p-travl-guides-msg – 7/17/10
Period travel guides. Pilgrimage guides.
This file is a collection of various messages having a common theme that I have collected from my reading of the various computer networks. Some messages date back to 1989, some may be as recent as yesterday.
This file is part of a collection of files called Stefan's Florilegium. These files are available on the Internet at: http://www.florilegium.org
I have done a limited amount of editing. Messages having to do with separate topics were sometimes split into different files and sometimes extraneous information was removed. For instance, the message IDs were removed to save space and remove clutter.
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Mark S. Harris AKA: THLord Stefan li Rous
Stefan at florilegium.org
Subject: ANST - RE: period travel guides
Date: Fri, 27 Apr 2001 08:42:51 -0500
From: "C. L. Ward" <gunnora at vikinganswerlady.org>
To: <Ansteorra-Laurels at ansteorra.org>
>I assume that people wrote "travel guides"
>during the Middle Ages and Renaissance. Have
>any survived? Where can they be found? What
>do they cover?
Medieval "travel guides" aren't generally what you'd find today if you go to
the "Travel" section of a bookstore. The accounts are much less factual in
many cases, and as far as I've seen never are the kind of document that
lists "what sights to see".
There are a number of more-or-less factual travellers' accounts, and then
you also get into medieval geography, which is often largely fictional or
based on hearsay. And then there are the "fantastic travels" which I think
must descend from the common desire to astound and amaze those folks back
home. At the edges of the world people always envisioned strange and often
dangerous creatures. For ancient peoples the earth's farthest perimeter was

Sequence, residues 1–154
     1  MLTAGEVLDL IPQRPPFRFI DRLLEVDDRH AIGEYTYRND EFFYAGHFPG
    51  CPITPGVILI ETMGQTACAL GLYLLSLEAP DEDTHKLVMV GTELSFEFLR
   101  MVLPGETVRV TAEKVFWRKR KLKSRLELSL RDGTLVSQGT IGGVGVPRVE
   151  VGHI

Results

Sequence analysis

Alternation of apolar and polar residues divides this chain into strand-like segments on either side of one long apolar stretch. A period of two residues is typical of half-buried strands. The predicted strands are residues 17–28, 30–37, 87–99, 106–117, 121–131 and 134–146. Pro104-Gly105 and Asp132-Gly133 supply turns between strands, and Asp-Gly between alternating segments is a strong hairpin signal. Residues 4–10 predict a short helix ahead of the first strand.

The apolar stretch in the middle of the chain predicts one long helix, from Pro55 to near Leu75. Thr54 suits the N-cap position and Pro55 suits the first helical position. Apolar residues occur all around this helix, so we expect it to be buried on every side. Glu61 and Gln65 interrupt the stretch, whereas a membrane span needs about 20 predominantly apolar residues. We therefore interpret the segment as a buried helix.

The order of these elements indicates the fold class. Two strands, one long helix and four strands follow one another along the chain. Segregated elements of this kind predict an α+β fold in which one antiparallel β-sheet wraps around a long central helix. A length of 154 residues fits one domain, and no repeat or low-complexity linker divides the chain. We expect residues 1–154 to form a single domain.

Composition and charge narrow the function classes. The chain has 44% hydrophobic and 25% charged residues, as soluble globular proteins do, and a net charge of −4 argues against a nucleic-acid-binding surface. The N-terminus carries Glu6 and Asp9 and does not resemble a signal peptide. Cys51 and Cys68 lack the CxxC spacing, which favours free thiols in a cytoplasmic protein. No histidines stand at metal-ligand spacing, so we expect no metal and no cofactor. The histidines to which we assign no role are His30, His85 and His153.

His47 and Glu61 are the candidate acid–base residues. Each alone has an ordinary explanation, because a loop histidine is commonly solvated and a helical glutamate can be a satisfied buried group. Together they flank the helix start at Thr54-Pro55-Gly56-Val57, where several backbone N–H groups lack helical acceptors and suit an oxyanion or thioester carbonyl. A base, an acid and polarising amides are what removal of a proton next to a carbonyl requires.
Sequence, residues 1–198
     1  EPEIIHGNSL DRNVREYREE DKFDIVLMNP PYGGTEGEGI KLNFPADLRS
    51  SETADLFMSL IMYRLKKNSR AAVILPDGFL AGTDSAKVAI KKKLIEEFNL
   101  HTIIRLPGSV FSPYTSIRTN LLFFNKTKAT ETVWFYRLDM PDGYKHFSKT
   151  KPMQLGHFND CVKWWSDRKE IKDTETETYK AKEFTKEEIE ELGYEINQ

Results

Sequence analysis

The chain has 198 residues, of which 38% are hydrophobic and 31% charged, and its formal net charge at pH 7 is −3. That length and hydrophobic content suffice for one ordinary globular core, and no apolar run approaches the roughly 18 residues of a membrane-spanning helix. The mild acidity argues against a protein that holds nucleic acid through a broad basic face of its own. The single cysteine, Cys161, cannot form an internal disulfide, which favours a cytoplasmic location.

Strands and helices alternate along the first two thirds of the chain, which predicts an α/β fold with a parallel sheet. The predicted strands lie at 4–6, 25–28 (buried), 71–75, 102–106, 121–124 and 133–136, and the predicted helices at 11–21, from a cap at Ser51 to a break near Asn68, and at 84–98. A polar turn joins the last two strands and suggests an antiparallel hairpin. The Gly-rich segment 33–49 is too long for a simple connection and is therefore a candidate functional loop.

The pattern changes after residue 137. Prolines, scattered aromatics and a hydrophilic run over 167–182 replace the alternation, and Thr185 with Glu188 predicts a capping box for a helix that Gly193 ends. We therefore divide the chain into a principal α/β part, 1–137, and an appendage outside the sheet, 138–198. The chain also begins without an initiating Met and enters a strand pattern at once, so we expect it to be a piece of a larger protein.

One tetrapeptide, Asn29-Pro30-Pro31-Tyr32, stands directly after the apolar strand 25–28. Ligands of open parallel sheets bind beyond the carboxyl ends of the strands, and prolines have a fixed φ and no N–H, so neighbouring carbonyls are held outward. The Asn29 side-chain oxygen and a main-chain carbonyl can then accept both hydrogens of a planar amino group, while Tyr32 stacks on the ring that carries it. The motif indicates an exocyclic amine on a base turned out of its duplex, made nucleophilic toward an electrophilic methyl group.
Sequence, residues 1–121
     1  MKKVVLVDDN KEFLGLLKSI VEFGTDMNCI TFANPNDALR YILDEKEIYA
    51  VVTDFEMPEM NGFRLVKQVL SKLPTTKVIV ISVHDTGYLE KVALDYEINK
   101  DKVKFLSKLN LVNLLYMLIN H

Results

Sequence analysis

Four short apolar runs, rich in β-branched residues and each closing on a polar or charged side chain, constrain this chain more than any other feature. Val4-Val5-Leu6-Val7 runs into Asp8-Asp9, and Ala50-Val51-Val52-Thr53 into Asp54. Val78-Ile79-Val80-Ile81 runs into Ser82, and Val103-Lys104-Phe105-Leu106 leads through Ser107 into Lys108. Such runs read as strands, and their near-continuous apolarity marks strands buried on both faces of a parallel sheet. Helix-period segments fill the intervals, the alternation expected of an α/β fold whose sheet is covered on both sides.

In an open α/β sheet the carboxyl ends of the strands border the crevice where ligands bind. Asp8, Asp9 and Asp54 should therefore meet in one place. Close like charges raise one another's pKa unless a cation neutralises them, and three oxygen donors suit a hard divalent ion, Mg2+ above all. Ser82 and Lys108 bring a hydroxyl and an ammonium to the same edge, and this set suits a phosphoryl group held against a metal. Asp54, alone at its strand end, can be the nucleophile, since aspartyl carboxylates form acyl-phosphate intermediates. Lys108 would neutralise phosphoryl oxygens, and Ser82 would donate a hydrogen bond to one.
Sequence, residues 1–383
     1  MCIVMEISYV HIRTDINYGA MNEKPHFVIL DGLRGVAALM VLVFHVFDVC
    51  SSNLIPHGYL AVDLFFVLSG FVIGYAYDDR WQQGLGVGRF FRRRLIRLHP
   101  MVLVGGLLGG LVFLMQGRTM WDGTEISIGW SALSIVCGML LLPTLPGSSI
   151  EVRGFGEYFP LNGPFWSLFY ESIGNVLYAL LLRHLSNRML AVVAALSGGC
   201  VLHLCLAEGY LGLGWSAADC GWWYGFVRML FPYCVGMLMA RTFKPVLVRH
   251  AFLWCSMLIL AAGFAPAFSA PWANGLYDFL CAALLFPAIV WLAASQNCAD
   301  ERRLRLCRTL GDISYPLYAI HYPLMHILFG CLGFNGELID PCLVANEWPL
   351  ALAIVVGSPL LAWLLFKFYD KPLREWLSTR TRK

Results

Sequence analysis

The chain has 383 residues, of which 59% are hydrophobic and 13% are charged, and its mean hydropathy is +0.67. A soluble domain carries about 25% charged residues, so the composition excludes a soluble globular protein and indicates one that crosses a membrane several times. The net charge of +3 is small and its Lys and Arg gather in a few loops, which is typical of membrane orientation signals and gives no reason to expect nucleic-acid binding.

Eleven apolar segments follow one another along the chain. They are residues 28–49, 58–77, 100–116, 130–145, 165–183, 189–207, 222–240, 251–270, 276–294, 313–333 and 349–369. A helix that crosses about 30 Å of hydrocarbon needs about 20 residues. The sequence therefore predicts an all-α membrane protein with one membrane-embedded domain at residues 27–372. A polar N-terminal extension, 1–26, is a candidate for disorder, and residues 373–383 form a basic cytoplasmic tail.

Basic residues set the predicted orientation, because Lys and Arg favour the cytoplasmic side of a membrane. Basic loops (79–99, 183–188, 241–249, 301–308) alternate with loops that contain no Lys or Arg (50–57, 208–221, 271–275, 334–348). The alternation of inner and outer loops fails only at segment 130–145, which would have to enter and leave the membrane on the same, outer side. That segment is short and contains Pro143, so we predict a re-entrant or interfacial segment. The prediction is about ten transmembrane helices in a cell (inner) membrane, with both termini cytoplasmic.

a realm radically different from what they perceived as central and human.
The alien qualities of these "edges of the earth" became the basis of a
literary tradition that endured throughout antiquity and into the
Renaissance, despite the growing challenges of emerging scientific
perspectives. This phenomenon is so widespread that a number of books have
been written on the subject. In fact, the same phenomenon continues today,
providing us the many and varied aliens of science fiction and speculative
Some good ones to look at include:
VIKING TRAVELS TO BYZANTIUM
* Palsson, Hermann and Paul Edwards. Vikings in Russia: Yngvar's Saga and
Eymund's Saga. Edinburgh: Edinburgh University Press. 1989. Out-of-print,
to have Amazon.com do a book search for it go to:
ARABIC SOURCES DESCRIBING THE VIKING WORLD
* M. Reinaud, trans. Geography of Abu al-Fida'. Paris. 1848. Describes the
Norse ca. early 14th century under the heading "Northern Regions of the
* Allen, W. E. D., trans. The Poet and the Spae-Wife: An Attempt to
Reconstruct Al-Ghazal's Embassy to the Vikings. Dublin: Allen Figgis & Co.
[A translation of the Arabic text describing al-Ghazal's visit to Turgeis,
ruler of the Vikings in Ireland ca. 845. This account dates to the early
* Al-Mas'udi. Meadows of Gold. trans. A. Sprenger. London. 1941.